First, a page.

CIUDAD JUAREZ, Mexico—Juanita thought that by now she and her two daughters, 12 and 4, would be somewhere in Texas. It didn’t really matter where, but a place safe and far away from the men who killed her husband and threatened her children. Instead, by the time you read this, she and her daughters are on their way back towards the killings and threats.
Hundreds of families—mostly from Central America—are arriving at the border expecting to be welcomed into Joe Biden’s America only to be shocked by what they see as a betrayal and sent back to where they came from, according to migrants and shelter managers interviewed by The Daily Beast.
Around 100,000 people were either apprehended by Border Patrol or turned themselves in to officials along the U.S.-Mexico border in February alone, according to the latest figures from the U.S. Department of Homeland Security.
DHS statistics show that more than 9,000 unaccompanied minors and almost 20,000 family units, were taken into custody along the border last month. El Paso and Rio Grande Valley remain the busiest crossing points.
During the campaign, candidate Biden promised to sweep away some of President Donald Trump’s harshest border policies and implement a “humane” approach.
The reality of Biden's immigration policy is slowly becoming clear, and it’s not what thousands of vulnerable migrants expected, nor needed. In an interview with ABC News on Tuesday, Biden finally said it out loud in a message designed to discourage those who are desperate to escape their countries: “Don’t come over.”
Juanita spoke to The Daily Beast while she packed up two small backpacks to start her journey back to Guatemala. “We thought this president was going to be different to us, but it is more of the same,” she said. “I feel he lied to us.”
Juanita and her daughters left Guatemala early in February, fleeing the land where her husband was killed after a series of extortions, and driven by the hope of a new president who promised more humane immigration policies.
“We crossed the border from Piedras Negras and turned ourselves in to the Border Patrol,” said Juanita. “They had us for only a couple of days in a shelter and then told us they will take us to a bigger shelter in Houston with more capacity for families,” she said.
Instead, she and at least three other families were flown into El Paso only to be expelled within hours of landing on U.S. soil and sent to the Mexican border city of Ciudad Juarez.
“They didn’t say anything to us. Only asked us to jump into a bus and then asked us to start walking. I only understood we were being sent back to Mexico after reading a sign that said ‘Welcome to Mexico,’” she said.
No one was waiting for them on the Mexican side, as a proper deportation procedure demands. After being expelled from the U.S. they sat on a sidewalk and waited for hours without money, a cellphone, or knowing where they were.
“They took our phones and our money in the U.S., and we were left without anything,” said Juanita, breaking up in tears.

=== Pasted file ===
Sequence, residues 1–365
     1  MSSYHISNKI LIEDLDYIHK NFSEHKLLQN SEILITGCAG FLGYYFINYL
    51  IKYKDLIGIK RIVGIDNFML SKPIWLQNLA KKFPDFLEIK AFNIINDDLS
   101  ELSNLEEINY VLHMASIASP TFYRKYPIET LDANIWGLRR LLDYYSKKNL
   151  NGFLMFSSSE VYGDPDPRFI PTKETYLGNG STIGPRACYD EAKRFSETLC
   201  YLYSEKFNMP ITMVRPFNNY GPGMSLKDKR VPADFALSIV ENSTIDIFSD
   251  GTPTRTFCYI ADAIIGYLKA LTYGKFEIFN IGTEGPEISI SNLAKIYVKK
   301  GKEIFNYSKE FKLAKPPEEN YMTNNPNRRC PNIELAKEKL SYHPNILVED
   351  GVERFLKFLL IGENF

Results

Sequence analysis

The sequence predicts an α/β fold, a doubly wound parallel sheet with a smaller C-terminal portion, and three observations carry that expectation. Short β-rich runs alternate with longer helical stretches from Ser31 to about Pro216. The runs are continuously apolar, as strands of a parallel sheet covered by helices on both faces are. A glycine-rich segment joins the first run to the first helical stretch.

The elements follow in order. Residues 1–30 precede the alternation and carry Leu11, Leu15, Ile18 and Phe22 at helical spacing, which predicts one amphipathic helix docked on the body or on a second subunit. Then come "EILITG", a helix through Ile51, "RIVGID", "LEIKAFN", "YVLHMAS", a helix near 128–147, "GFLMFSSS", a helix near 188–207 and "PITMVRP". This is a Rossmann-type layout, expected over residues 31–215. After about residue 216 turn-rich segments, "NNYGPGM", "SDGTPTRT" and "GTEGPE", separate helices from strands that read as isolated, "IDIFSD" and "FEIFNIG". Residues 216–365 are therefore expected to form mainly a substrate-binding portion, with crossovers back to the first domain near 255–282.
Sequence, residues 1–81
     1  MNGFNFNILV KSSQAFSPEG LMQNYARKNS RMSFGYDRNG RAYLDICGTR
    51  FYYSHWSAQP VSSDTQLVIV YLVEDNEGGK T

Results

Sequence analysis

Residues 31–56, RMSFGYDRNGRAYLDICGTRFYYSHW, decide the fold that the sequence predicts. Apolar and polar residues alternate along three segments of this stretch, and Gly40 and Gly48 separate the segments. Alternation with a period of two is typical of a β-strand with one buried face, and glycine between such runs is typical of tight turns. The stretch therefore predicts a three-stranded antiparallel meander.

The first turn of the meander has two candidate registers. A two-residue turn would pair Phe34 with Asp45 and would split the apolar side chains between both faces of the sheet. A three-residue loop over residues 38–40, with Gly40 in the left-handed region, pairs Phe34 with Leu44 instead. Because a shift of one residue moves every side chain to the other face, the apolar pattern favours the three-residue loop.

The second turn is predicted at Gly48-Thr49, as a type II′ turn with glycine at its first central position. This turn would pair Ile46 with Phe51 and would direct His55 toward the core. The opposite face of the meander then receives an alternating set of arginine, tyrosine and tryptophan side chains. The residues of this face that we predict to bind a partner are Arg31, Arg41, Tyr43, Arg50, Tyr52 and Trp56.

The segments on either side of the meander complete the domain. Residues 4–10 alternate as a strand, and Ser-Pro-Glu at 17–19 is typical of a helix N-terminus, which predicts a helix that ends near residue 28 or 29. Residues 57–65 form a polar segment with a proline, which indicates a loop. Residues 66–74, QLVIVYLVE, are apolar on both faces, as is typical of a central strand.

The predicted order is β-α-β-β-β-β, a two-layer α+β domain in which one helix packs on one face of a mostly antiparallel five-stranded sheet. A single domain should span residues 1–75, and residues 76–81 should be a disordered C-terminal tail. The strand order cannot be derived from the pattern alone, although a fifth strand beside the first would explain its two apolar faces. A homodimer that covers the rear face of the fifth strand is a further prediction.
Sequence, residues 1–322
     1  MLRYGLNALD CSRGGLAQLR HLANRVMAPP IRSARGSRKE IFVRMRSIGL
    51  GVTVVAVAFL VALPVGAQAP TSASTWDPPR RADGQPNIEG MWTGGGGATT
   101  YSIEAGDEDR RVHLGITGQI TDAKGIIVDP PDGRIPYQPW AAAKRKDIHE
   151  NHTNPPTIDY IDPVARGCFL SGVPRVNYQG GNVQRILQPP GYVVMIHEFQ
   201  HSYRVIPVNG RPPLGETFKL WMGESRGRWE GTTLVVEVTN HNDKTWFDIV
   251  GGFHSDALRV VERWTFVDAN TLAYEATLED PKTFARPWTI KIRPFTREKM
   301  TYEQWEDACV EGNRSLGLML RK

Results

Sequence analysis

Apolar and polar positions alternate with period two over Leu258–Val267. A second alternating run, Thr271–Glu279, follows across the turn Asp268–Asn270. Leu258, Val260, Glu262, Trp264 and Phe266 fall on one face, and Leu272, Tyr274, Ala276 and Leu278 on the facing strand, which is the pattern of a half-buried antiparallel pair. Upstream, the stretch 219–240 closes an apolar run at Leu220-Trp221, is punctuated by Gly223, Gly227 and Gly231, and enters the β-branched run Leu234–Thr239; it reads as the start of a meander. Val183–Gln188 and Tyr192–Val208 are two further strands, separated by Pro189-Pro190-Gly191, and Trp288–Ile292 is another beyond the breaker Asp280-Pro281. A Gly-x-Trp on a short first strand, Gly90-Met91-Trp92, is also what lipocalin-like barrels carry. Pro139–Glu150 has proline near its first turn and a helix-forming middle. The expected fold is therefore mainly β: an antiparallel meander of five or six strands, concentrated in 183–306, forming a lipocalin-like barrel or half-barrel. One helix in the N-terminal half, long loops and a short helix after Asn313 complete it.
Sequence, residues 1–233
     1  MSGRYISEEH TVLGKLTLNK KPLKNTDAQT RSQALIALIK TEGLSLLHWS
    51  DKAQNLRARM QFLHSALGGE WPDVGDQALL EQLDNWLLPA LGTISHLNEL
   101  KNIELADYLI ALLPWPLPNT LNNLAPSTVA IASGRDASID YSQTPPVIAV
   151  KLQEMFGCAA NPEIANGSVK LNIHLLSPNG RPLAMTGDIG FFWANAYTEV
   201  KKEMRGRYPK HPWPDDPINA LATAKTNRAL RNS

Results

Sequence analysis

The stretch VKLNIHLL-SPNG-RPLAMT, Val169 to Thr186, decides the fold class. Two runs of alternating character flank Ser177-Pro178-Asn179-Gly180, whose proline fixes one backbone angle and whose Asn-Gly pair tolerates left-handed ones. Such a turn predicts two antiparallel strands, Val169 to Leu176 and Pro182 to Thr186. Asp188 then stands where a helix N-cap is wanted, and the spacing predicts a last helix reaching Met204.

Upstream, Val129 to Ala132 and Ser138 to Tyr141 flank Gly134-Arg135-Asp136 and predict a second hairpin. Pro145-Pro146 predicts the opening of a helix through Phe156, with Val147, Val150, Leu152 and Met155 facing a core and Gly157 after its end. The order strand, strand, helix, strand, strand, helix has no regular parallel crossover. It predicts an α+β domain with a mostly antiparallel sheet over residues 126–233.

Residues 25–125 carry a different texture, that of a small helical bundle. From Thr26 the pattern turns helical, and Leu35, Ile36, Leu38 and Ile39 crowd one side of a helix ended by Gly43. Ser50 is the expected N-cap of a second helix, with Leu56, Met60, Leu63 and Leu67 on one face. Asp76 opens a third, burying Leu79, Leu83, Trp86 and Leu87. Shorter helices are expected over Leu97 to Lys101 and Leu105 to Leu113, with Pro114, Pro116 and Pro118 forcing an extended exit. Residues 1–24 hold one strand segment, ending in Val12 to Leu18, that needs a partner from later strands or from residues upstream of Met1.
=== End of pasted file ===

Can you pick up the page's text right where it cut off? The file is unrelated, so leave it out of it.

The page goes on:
A woman who walked along the international bridge where Juanita and the other families were sitting helped them understand they were in Ciudad Juarez and walked them to Pan de Vida, one of the few local shelters with the capacity to take them in.
“They got here in bad shape,” said the shelter director, Ismael Martinez. “The woman was scared and very disappointed and one of her daughters had an old diaper soaking wet.”
Juanita and her kids are just one of the hundreds of families facing a new hurdle called Title 42, a federal order introduced by President Trump that fast-tracks deportations as a pandemic health measure.
“Title 42 is traumatizing families,” said Amy Cohen, director for Every Last One, a non-profit organization helping migrant families and children. “This policy is putting all of the migrant population at risk.”
According to Cohen, Juanita’s experience has become more and more common for migrants arriving at the border.
“I’ve received tons of calls from people in this same situation. Although it is still very confusing why some families are being allowed to stay within the United States and some are immediately sent back to Mexico,” she said.
Martinez, at the Pan de Vida shelter in Ciudad Juarez, said he currently holds 20 families who were expelled from the U.S. after crossing illegally from Mexico without any deportation process.
“This is very common lately. Here at the shelter, I have 60 people, 20 families in the same situation. All of them have kids under the age of 10, and all of them are from Central America,” he said.
Since the processing of migrants under MPP, a controversial Trump-era program, which sends asylum-seekers to Mexican cities to await hearings in American immigration courts, his shelter is now reaching capacity.
Marisa Limon, director for Border Hope Institute, a nonprofit organization advocating for social justice, said Title 42 is “specifically targeting Central Americans.”
“Title 42 was a Trump policy that stayed with us. This program is targeting specifically Central Americans and that’s making this situation more complex,” she said.
Limon said this policy is endangering migrants expelled back to Mexico where they are being kidnapped and extorted by criminals.
“Shelters are almost at capacity, and being a migrant today in Ciudad Juarez is very dangerous. Migrants in Mexico have a target on their back for those looking to abuse them,” she said.
Cohen said organized crime in Mexico preys on migrants as soon as they are on their turf.
"Organized crime lives off of migrants, and there is a big anti-immigrant community in Mexico making it even more dangerous for the families sent back,” she said.
Cohen said that Title 42 program is “even worse” than Trump’s controversial MPP.
“This is way worse than the MPP because, with MPP, Mexico had to shelter immigrants with the help of NGOs, but with Title 42 Mexico is not obligated to take responsibility for them,” she said.